After two months of avoiding all forms of meat, poultry and seafood I have come to a conclusion: I am a reducetarian.
In the UK, hungry Brits eat almost 20 million chickens a week. And how do we raise so many chickens? We genetically modify them to gain weight quickly, we feed them GM foods, we pump them with water, growth hormones and antibiotics and we keep them in cages where there are 14 chickens per square meter. These barn chickens do not see daylight their entire lives.
For those concerned about the welfare of chickens, there are also the ‘free range’ option which, in my opinion, is just a clever smoke screen. Free range does not mean the chickens get to play outside. They still live in large indoor barns with slightly more roaming space and a few pop holes leading outside. With each free range barn housing over 10 000 chickens, pop holes are rarely used as it would take an average chicken hours to make its way through the crowd to a pop hole. And with plenty of food and water inside, why would they want to go outside? A few organic chicken farms have sprung up in the country side, riding the sustainability wave so popular at them moment, but organic chickens are still just a drop in the bucket. Our drastic demand for and consumption of chicken has driven the industry to become cruel and inhumane.
And then there’s pork. Pigs are by nature scavenging omnivores which means they will eat anything. From rotten food to carcasses to their own children. Robert Pickton, a famous Canadian serial killer, made use of this trait and even fed pigs the bodies of the nearly 50 women he murdered. If that isn’t enough to put you off, pork can also cause diseases such as Salmonella, Trichinellosis, Listeriosis and all sorts of worms , especially if eaten undercooked. According to the Independent, a recent study revealed that antibiotic-resistant E.Coli was also present in 63% of pork samples tested.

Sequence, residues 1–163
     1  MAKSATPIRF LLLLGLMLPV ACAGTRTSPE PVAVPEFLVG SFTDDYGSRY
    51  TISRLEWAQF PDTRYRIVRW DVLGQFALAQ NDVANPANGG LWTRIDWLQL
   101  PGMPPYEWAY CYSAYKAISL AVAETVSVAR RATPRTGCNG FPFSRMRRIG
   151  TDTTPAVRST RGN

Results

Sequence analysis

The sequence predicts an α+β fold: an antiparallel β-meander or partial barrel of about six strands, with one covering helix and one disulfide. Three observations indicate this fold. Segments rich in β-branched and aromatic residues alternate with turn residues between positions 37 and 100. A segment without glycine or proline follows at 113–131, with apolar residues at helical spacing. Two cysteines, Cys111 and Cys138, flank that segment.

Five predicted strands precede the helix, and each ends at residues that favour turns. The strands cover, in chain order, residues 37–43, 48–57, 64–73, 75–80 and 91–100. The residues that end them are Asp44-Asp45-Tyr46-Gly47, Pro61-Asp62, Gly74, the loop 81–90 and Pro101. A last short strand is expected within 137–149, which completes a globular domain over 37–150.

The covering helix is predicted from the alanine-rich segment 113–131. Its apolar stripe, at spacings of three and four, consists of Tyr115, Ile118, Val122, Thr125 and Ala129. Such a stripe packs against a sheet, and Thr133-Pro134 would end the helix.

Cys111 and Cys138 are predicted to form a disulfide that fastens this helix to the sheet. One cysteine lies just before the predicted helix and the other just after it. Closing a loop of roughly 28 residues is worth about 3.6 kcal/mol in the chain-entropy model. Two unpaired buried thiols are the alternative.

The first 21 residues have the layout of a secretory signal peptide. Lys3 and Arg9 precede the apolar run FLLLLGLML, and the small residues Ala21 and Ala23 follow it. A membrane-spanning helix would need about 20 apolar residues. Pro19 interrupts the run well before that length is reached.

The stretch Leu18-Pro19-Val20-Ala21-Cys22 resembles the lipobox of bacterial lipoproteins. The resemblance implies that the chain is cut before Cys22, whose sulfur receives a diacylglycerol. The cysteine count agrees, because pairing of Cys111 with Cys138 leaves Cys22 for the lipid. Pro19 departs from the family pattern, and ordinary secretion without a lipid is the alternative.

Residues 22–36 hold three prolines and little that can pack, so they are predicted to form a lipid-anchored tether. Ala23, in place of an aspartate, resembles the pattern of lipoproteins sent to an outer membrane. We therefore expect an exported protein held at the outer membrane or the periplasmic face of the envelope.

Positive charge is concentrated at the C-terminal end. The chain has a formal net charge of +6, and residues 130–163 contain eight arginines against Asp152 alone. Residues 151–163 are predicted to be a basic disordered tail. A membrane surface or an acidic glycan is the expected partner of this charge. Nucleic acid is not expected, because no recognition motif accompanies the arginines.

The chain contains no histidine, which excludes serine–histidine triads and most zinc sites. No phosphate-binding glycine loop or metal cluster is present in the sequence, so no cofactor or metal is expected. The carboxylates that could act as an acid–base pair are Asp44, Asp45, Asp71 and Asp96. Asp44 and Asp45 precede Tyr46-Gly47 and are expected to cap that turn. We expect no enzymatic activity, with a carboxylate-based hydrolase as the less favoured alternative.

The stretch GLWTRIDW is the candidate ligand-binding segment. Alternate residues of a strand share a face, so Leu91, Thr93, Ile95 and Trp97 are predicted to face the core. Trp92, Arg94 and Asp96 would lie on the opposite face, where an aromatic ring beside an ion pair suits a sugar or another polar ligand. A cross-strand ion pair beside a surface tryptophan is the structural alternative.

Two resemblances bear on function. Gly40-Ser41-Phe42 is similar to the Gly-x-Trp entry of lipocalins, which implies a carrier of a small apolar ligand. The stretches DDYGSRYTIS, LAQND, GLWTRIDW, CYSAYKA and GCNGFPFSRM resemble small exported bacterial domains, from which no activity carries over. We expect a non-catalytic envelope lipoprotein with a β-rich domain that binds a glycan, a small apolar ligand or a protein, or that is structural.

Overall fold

In the UK, over 10 million pigs are farmed each year, most of them from factory farms where pigs never get to go outside but live in large warehouses, are encouraged to eat and, as with chickens, are pumped with growth hormones and antibiotics. They are forced to live in their own urine, faeces and vomit, suffer from mange and at time of slaughter, over 80% of pigs have pneumonia due to breathing in toxic gasses emitted from their excrement. In factory farms, sows give birth in crates so small they can’t even turn around in them. The piglets’ teeth are painfully clipped to minimise damage to the sow and each other when fighting for teats and their tails get chopped off as pigs bite each other’s tails off when bored or aggressive – a practice that is technically illegal but still happens to 80% of piglets on pig farms in the UK. What pigs have to endure from birth to their violent death has had a serious impact on my decision to go meat-free.
In 2013 the number of beef breeding cows in the UK totalled at 1.6 million, a number that has surely grown in the last 5 years. Even though some beef cattle is reared in intensive indoor factory systems, most beef cattle in the UK are raised on a grazing-based system. This means the cattle live out in fields where they graze and are housed only during harsh weather conditions. When calves are born, females are taken away for fattening up elsewhere and the male calves are killed. When slaughtering comes around after less than 5 years of age, the cattle are stunned with electricity before having the blood vessels in their neck cut.